We bring in trunk shows or new quilt samples from designers we find at Quilt Market. Right now, we have a trunk show from Pieces to Treasures, a lovely Moda designer from Australia that features patterns using dish toweling. We do base some of our fabric buying around a quilt sample offered through our fabric vendors. We will reach out to designers asking to borrow quilts. This saves me money by not having to have a sample made for display. It also allows our samples to change on a regular basis so we always look fresh.

Quilt room Dec 06, 4 55 26 PM.jpg

Does your area have shop hops? What is expected of you when you belong to a shop hop?
For over twelve years, we’ve had a 12 shop Shop Hop, held every other year, in September.  We meet several times a year to determine what we will feature during the Hop. Each shop is expected to have a sample of their shop project on display, light refreshments and one or two sale items specifically for hoppers. Each hopper receives a free pattern for visiting each shop. We have our own quilt featured on the cover of the pattern we choose making each pattern that much more personal to the shop.  In previous hops, we have given away sewing machines, huge gift baskets and shop gift certificates for completed passports. This year, we are having a party themed hop. Each shop will host a different themed event. Our theme is Country Fair and we plan to offer games like pin the thread on the machine, bobbing for fabric etc.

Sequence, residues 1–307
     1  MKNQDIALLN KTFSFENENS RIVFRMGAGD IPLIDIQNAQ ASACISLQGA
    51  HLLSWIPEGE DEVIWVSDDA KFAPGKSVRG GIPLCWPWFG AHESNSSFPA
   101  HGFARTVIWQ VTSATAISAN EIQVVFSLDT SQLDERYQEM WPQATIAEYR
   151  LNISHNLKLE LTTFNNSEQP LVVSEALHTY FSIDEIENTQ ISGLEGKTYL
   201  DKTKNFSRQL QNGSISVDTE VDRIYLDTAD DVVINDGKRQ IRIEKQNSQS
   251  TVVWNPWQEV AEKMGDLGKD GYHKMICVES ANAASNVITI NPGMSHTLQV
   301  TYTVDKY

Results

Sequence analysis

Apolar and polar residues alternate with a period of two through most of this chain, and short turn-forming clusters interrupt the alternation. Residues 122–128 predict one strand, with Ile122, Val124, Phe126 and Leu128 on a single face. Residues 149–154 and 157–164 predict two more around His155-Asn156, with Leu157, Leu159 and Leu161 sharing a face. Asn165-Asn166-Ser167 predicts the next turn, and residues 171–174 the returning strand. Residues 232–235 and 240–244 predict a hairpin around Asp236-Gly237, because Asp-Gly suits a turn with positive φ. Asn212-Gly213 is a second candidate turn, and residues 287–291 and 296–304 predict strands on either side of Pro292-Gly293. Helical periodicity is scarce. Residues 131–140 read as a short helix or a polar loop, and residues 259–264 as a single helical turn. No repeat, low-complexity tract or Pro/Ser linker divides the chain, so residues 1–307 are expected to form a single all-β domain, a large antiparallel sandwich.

red button display dec 06, 5 56 42 pm

What kind of advice can you give for creating displays?